Even before the first two weeks of the NHL were officially cancelled thanks to the lockout, numerous big name stars signed abroad to keep playing until an agreement is put in place by the NHL and NHLPA. However, with seasons resuming in leagues throughout North America, many of the NHL’s younger stars are looking for homes in familiar places.
The American Hockey League, traditionally the minor league system of the NHL, was wrought with talent when the puck dropped on the league’s 77th season last night. Several of the teams are currently carrying NHL-caliber players who have nowhere else to go thanks to the labor disagreement.
Marcus Foligno, who was drafted by the Buffalo Sabres in 2009, is one player who expected to spend the majority of his season playing in the NHL this year. Instead, Foligno finds himself back with the Rochester Americans of the AHL to start the season while the labor dispute gets resolved.
“If the NHL doesn’t start, and I play a whole year here, if that’s the worst case, then I don’t think that’s pretty bad,” said Foligno, who tallied 13 points in 14 games for the Sabres last season. “We’ll see. But hopefully it gets resolved.”
Foligno is just one of many players who have played in the NHL or would have spent the majority of the season there this year but are instead playing with their team’s minor league affiliate to continue their growth and development.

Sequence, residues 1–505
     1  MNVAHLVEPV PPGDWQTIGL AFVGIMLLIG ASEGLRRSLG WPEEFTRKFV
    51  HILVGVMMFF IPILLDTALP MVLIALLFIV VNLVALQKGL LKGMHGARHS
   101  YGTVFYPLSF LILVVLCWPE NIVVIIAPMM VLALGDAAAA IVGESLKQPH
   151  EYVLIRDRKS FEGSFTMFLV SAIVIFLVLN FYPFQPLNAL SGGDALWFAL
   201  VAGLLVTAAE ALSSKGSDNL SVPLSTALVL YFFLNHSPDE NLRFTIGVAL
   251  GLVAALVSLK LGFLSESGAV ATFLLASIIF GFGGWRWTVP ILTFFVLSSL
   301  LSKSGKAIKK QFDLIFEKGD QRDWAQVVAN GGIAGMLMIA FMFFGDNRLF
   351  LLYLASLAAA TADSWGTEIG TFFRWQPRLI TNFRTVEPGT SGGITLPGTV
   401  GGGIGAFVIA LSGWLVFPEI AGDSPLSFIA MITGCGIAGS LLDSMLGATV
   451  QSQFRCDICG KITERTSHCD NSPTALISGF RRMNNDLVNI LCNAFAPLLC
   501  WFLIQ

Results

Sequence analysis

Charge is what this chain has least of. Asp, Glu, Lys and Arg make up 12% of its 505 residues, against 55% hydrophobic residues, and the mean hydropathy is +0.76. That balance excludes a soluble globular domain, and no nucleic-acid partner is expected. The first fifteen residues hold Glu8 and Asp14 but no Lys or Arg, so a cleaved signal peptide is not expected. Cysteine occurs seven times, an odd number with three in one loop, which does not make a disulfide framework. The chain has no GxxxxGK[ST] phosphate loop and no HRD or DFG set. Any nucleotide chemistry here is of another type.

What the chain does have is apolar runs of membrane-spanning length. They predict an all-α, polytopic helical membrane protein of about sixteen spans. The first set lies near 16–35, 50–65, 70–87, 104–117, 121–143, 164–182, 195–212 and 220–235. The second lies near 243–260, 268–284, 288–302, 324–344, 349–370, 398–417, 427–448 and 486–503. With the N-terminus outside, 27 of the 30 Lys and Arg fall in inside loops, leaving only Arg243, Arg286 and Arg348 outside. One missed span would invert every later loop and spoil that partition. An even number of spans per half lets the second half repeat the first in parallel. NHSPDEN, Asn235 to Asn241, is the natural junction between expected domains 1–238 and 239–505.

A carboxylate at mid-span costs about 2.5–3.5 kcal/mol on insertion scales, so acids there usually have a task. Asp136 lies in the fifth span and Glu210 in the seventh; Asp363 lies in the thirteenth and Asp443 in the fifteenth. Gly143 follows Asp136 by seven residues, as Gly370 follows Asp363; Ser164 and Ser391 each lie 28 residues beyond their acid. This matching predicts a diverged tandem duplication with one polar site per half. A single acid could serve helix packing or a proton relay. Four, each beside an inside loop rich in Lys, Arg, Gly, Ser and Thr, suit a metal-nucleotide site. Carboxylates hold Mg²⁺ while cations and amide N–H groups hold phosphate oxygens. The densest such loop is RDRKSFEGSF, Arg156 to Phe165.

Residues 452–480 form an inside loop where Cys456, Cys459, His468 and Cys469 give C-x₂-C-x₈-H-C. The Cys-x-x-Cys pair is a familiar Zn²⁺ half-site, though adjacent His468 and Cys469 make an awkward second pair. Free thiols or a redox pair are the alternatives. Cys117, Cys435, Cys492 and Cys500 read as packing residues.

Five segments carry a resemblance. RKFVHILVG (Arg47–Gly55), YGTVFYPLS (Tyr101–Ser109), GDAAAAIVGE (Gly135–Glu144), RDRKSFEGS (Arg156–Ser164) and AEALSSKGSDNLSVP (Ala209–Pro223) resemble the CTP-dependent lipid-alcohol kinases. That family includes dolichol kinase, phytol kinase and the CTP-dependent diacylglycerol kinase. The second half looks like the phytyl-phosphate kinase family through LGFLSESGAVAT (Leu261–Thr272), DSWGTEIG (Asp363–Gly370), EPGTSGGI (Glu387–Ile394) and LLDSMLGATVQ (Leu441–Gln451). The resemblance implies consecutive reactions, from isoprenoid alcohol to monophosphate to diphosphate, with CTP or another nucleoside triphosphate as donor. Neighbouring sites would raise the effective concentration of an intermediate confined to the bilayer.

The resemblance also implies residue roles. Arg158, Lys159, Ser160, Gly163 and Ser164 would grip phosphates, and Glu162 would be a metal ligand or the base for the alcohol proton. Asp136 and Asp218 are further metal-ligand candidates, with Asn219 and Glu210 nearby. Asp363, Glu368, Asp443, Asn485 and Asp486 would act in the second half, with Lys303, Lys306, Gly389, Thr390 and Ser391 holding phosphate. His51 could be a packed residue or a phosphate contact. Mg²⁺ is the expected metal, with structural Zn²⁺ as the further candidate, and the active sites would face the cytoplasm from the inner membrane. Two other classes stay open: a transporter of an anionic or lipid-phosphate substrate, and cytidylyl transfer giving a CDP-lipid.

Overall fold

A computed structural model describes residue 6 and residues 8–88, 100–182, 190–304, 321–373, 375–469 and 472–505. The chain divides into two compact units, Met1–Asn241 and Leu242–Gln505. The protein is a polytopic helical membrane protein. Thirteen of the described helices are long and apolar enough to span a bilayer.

The Oklahoma City Barons will ice numerous Edmonton Oilers players to start the season. Jordan Eberle, who led the Oilers in scoring last season, will lace up for the Barons until the lockout is resolved, and former first overall draft pick Ryan Nugent-Hopkins will join him. As soon as he is cleared to play from shoulder surgery, Taylor Hall, another former first overall draft pick, will join his teammates in Oklahoma City, and highly touted defensive prospect Justin Schultz, who signed with the Oilers over the summer, will play there as well.
“They’ve pretty much got the first line from the Edmonton Oilers playing,” AHL president/CEO David Andrews said. “I think it will probably have a number of fans sample the game that might not have. And we believe that once fans sample the game, and they see the calibre of play that it’ll gain some traction.”
Brayden Schenn and Sean Coutier, two promising youngsters for the Philadelphia Flyers, are both playing for Adirondack Phantoms this season. Adam Henrique, who was a nominee for rookie of the year last season with the New Jersey Devils, will play for the Albany Devils.
Chris Kreider (pictured), who had a roller coaster spring earlier this year by winning the NCAA championship with Boston College before joining the New York Rangers for their playoff run where he tallied seven points in 18 games, will play for the Connecticut Whale.
“I don’t think the mind-set changes,” Kreider said. “Keep your head down, work hard, try to learn as much as you can.”
But Kreider is also happy just to be skating while the lockout ensues.
“It’s fun to go out there and do what you love to do,” Kreider said. “Whenever you’re playing hockey it’s exciting, whatever the situation.”